The Dual Sovereignty Doctrine Reconsidered

The Fifth Amendment’s double jeopardy clause bars successive prosecutions of a person for the same offense.  An exception to the double jeopardy prohibition known as the dual sovereignty doctrine allows successive prosecutions for a single act that violates the laws of different sovereigns. In effect, the federal government may prosecute a person after his conviction or acquittal on criminal charges in state court, and vice-versa. Likewise, different states can prosecute a person for the same conduct. A pending petition for cert is asking the Supreme Court to reassess the doctrine’s place in double jeopardy jurisprudence.

The case is Walker v. Texas (not to be confused with Walker v. Texas Division, Sons of Confederate Veterans, a First Amendment speech case from 2015), and one indication the Court may take the case is a concurring opinion from last term’s Puerto Rico v. Sanchez Valle. In that case, the Court held that Puerto Rico is not a sovereign distinct from the federal government for purposes of the dual sovereignty doctrine. Justice Ginsburg, joined by Justice Thomas, added a short concurrence calling for “fresh examination” of the dual sovereignty doctrine. When two justices who are ideological opponents urge their colleagues to reconsider an important question of constitutional law, it’s worth paying attention. (Cf. Breyer’s concurrence re: constitutionality of the death penalty.)

There is also reason to think the Court will pass on Walker. The dual sovereignty doctrine is long-established—in dicta it dates back to the middle of the nineteenth century, in square holding to the 1922 case United States v. Lanza. It isn’t the subject of a circuit split or dissension in lower courts. As recently as 2013, the Court denied cert presenting the same question as Walker (Roach v. Missouri). And the doctrine has been reaffirmed and extended numerous times since Lanza despite persistent criticism from scholars and judges.

In support of “fresh examination,” two other ideological opponents, the Constitutional Accountability Center (progressive) and the Cato Institute (libertarian), have jointly submitted an amicus brief. The brief makes several arguments for reconsideration:

  • The Framers designed our federalist system to enhance liberty, and they viewed the prohibition on double jeopardy as a fundamental protection against government overreach. In the name of federalism, which is intended to enhance liberty, the dual sovereignty doctrine has the perverse effect of constricting liberty.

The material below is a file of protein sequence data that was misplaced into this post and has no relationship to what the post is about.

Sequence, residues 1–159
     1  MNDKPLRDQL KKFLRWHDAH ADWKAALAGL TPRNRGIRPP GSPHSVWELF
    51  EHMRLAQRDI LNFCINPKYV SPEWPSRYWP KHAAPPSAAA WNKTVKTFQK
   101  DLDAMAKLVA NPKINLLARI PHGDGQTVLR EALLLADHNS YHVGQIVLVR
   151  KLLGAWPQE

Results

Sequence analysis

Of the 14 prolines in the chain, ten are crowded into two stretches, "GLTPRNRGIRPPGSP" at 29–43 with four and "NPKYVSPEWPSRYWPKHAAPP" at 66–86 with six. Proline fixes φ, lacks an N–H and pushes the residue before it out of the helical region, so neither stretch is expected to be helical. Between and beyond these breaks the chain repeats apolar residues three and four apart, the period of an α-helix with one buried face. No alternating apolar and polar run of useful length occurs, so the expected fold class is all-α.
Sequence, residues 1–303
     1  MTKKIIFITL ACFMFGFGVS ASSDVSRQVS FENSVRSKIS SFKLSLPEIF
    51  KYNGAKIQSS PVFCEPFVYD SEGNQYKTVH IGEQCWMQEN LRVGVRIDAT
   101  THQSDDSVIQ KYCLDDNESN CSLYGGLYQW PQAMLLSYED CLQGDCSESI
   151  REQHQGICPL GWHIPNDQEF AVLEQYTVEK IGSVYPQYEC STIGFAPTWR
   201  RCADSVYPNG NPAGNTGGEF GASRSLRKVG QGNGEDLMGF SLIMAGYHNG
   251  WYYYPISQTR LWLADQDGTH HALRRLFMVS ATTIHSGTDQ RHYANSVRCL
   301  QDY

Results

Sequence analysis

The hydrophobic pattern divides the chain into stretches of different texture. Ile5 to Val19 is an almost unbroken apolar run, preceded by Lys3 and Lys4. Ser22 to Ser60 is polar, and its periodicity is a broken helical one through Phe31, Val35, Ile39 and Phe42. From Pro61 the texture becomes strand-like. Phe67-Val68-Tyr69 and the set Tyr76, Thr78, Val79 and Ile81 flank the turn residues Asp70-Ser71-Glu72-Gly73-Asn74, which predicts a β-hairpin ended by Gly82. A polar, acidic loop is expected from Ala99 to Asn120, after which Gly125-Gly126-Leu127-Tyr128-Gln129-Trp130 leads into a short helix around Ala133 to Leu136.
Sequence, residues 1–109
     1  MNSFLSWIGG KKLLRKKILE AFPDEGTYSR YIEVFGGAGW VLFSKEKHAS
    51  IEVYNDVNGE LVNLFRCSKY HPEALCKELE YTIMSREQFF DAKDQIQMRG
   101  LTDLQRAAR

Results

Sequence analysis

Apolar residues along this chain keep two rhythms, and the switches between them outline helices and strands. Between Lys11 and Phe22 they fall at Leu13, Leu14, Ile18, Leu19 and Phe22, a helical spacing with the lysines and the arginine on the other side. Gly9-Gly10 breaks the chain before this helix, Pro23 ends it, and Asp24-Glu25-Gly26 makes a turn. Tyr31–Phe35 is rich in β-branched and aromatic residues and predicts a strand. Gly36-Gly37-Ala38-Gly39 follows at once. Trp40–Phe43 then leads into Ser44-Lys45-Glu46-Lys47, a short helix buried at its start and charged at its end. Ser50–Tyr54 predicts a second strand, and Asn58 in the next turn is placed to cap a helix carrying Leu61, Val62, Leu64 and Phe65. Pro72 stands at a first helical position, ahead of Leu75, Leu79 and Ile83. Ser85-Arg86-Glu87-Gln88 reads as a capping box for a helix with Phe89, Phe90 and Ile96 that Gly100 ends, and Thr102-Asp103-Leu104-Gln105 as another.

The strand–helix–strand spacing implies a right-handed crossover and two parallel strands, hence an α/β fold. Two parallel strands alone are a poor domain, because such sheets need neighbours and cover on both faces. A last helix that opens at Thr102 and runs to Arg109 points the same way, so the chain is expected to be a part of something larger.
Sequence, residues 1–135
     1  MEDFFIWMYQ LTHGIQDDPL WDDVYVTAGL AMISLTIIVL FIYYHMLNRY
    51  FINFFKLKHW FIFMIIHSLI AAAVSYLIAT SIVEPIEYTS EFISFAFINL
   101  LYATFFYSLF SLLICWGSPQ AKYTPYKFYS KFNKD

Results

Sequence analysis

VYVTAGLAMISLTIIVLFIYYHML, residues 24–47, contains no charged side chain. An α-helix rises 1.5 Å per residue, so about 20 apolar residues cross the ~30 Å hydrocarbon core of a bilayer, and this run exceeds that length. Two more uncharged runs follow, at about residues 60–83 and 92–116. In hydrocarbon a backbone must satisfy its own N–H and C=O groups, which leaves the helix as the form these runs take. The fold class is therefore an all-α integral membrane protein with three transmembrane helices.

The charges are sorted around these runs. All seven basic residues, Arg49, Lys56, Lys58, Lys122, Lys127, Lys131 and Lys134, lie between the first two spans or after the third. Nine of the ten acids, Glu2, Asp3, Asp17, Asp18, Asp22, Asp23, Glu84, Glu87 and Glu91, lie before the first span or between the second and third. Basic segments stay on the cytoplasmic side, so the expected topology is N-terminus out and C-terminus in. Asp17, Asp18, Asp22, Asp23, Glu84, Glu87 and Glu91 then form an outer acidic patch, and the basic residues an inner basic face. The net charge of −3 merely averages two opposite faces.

• The Framers intended the clause to preserve the common-law protection against successive prosecutions for a single offense, even when brought by different sovereigns. The concerns that lie behind the double jeopardy prohibition—multiple prosecutions for a single offense increase the chance an innocent person will be convicted, and they subject the accused to an unjust amount of humiliation and anxiety—do not depend on whether the same or a different sovereign brings the successive prosecutions.
  • Since the Court adopted this doctrine, the criminal law and its enforcement have changed in significant ways. For one, the U.S. criminal code is more expansive, giving the federal government more opportunities to bring successive prosecutions. Federal-state cooperation in law enforcement has risen in recent years, increasing the likelihood of successive prosecutions.
  • The dual sovereignty doctrine made more sense at the time it entered the canon. At the time, states were not bound by the Constitution’s double jeopardy clause. “[I]f a state could prosecute an individual as many times as it wanted for the same offense . . . it was not a stretch to think that the federal government could prosecute him after he had been prosecuted by the state.” In 1969 the Court accepted that the Fourteenth Amendment had incorporated the double jeopardy prohibition against the states. This development has undermined an underpinning of the dual sovereignty doctrine.

The dual sovereignty doctrine has always made sense to me. If, for example, the federal government and a state proscribe the possession of a firearm by a convicted felon, a felon who possesses a firearm is violating two laws, and both the federal government and the state should have the right to make him answer for each violation. It may be a poor use of resources to prosecute the offender in both forums, but that is a matter of prosecutorial discretion. As Justice Holmes wrote of the doctrine, it “is too plain to need more than statement.”

That’s been my thinking on the issue. Granted, if successive federal-state prosecutions were routine, rather than a rarity, I’d be more concerned. But I’m also susceptible to the originalist arguments made in the brief of the Constitutional Accountability Center and Cato Institute, and the brief rightly points out that the constitutional landscape has undergone a sea change since the last time the Court seriously considered the validity of the dual sovereignty doctrine.

For a succinct but thorough argument that the doctrine merits a second look, see Second Circuit Judge Guido Calabresi’s concurrence in United States v. All Assets of G.P.S. Automotive Corp. (under the heading “Rethinking the Dual Sovereignty Doctrine”).

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